Monday, January 19, 2009

Differential Diagnosis of Fibrillary Glomerulopathies

The finding of fibrils on electron microscopy of a renal biopsy specimen may be an extremely important clue in establishing the diagnosis.  In fact, for many of the conditions listed below, the diagnosis may be based PURELY on a detailed ultrastructural characterization of the fibril, as in fibrillary or immunotactoid glomerulopathy.  

The first step in the differential diagnosis of fibrillary glomerulopathies is to divide the condition into an IMMUNOGLOBULIN-MEDIATED versus a NON-IMMUNOGLOBULIN MEDIATED process, which is typically done by immunofluorescent staining against different heavy and light chain classes.

IMMUNOGLOBULIN-MEDIATED fibrillary glomerulopathies include:
-AL amyloidosis.
-MIDD (monoclonal immunoglobulin deposition disease).
-type 2 cryoglobulinemia.
-immunotactoid glomerulopathy (see picture)
-fibrillary glomerulopathy.

NON-IMMUNOGLOBULIN-MEDIATED fibrillary glomerulopathies include:
-AA amyloidosis.
-fibronectin glomerulopathy.
-diabetic fibrillary glomerulopathy.
(note:  the latter two on this list are pretty rare).

Another crucial distinction here is whether the biopsy specimen stains negative or positive for CONGO RED (indicating the beta-pleating sheet structure of precipitated amyloid protein).  


Barb0355 said...

I am 59 years old and have been just diagnosed with fibillary kidney disease. My doctor told me it is very rare and not much is known about it. He told me in 6 months to a year, he will put me on the list for a transplant. He told me it may be genetic and that I have had it for a long time, but no one picked up on it. I have many medical problems which may be related to it. Is there anyone else out there who has the same thing and can give me some information on it?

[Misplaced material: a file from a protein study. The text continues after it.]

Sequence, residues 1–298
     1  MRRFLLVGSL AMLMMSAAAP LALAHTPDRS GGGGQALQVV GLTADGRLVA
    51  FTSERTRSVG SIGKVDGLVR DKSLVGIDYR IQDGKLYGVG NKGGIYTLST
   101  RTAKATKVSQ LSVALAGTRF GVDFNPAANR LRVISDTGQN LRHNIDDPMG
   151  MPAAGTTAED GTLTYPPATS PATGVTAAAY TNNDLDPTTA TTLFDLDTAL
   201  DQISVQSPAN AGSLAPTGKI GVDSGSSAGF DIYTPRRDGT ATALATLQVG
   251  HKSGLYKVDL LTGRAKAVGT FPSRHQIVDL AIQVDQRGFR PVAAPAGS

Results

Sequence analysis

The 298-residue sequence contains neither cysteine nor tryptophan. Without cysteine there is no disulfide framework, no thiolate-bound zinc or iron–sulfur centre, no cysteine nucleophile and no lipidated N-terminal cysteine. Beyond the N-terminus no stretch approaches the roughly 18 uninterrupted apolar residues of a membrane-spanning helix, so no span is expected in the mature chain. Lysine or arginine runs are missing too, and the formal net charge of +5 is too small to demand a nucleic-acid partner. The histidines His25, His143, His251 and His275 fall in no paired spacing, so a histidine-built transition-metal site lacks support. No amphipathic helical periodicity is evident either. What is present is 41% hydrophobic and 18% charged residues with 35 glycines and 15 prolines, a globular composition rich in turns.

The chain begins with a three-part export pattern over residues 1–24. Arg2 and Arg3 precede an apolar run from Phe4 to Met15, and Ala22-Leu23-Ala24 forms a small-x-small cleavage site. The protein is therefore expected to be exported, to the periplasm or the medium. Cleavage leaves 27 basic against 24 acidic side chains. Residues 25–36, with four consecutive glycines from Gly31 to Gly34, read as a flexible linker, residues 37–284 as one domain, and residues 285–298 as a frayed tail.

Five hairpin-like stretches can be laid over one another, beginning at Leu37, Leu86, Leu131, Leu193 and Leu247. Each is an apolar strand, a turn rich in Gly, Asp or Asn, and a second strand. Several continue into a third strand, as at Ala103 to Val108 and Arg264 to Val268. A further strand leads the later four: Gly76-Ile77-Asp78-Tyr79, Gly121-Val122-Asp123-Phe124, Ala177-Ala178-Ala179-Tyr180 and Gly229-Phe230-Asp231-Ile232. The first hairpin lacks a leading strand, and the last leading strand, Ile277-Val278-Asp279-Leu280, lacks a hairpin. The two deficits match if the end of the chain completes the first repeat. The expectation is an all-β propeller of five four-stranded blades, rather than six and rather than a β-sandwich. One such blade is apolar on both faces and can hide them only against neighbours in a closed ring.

Anonymous said...

I came across this article while trying to find out if fibrillary glomerulopathy is associated with septic shock. I developed proteinuria about three months after septic shock from a perforated colon.It has continued at about the same level for about 18 months. However, I also have CLL, which has never required treatment. My recent renal biopsy showed fibrillary gomerulopathy. My nephrologist says that is associated with CLL. However, she did not say if it is also associated with septic shock. I am a 66-year-old male living out in the middle of the ocean on Maui and I am concerned that the doctors here may never have seen a case like this. Would someone please tell me if fibrillary glomerulopathy is associated with septic shock? Please reply to Thank you.

LeslieO. said...

I too have been diagnosed with fibrillary glomerulopathy. I was wondering what type of treatments you have undergone for this condition. I am now on predisone & have shown no improvement. Is a transplant the only option?

LeslieO. said...

I would appreciate any information anyone with this condition. I forgot to leave my e-mail address. It is

Anonymous said...

In m a 57 year old male who has been diagnosed with FG through a kidney biopsy. My doctor had be do a bone marrow and it was determined that I have CLL. It has been established that the CLL (Chronic Lymphocytic Leukemia) is causing the "deposits" called B cell light chains in my kidney. I am on a chemo program combining Retuxmab and Bendamustine (Treanda) to eliminate the leukemia and subsequently "arrest" further damage to the kidneys. This path was recommended by the Cleveland Clinic. Questions??